An invitation from the British Library to give the first in a new public lecture series called “Enduring Ideas” was never a request I was going to decline. But what “enduring idea” might I focus on and what exactly would I want to say that had not already been said about an important idea that warranted such reflection? The selected concept was “democracy” and the argument sought to set out and unravel a set of problems that could – either collectively or individually – be taken to explain the apparent rise in democratic disaffection.
Such is the world we live in that a lecture is no longer a lecture but rapidly becomes a multi-media “artefact” and the beginning of a global discussion. I suppose this is probably not quite true of all lectures, I’ve been to quite a few that really do need to be forgotten, but I’m pleased to say that the intellectual ecosystem seems to have exploded in all sorts of ways that I could never have imagined. Within hours the lecture was available to a global audience via a British Library podcast. Within weeks the lecture was published on-line by the Oxford University Press journal Parliamentary Affairs and within a month or so the same journal had published a number of response pieces by an array of leading scholars.
I had not given a public lecture at the British Library, I had started a conversation.
It was therefore a source of some delight and contentment when the latest instalment of this conversation appeared on-line in the form of a University of Manchester blog by a former student of mine, Dr. Kevin Gillan. Now some scholars might snort and snuffle at the idea of a former student seeking to challenge his former professor in such an open and accessible arena but I say ‘well done, that chap!’ Kevin was always a bit of a livewire but the way he tries to turn my arguments and ideas upside-down and inside-out, to get to the basic core of my logic in both an empirical and normative sense, is really a joy to read.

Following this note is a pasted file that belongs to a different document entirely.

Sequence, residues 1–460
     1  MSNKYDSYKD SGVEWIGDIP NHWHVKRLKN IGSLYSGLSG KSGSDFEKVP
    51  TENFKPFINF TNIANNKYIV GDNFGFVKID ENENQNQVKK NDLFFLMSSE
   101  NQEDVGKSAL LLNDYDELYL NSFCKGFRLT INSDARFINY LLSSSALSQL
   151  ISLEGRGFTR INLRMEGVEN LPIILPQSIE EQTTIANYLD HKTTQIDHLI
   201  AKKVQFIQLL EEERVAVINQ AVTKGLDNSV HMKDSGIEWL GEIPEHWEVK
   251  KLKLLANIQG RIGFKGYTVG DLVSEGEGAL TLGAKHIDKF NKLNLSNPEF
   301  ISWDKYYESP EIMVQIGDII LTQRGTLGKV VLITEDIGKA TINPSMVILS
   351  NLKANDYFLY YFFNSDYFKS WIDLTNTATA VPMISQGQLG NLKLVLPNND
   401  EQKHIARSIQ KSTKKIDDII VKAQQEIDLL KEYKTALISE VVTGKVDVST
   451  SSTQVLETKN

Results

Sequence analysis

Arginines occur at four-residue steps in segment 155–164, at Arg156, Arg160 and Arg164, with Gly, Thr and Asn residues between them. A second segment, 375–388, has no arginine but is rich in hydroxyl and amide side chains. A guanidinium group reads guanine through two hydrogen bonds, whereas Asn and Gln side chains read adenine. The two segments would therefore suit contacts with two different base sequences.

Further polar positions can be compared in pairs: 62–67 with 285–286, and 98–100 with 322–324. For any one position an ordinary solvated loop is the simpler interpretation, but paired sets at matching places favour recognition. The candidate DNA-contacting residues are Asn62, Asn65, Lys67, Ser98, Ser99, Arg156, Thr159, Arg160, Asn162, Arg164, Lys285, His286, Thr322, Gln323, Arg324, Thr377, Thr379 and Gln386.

To my relief, Gillan’s approach is less concerned with sharpening the knife with which he seeks to butcher my argument but, to the contrary, is concerned with sharpening my argument by bringing in inter-disciplinary insights from the sphere of critical social movement studies.
The problem with my “problems with democracy” from Gillan’s perspective is that my analytical lens is too narrow. I stand-up and decry the loss of “what we might call our democratic or political imagination…our capacity to re-imagine a different way of living; to re-connect with those around us; to re-interpret challenges as opportunities or to re-define how we understand and make democracy work” [italics in the original] but for Gillan this argument reflects my own failure to look beyond the standard framework. “The political imagination is already being exercised outside of the mainstream,” he argues, “developments in the alter-globalisation and social forum movements and, latterly, among the indignadas of Spain and the occupiers of the public squares across Europe and the US.”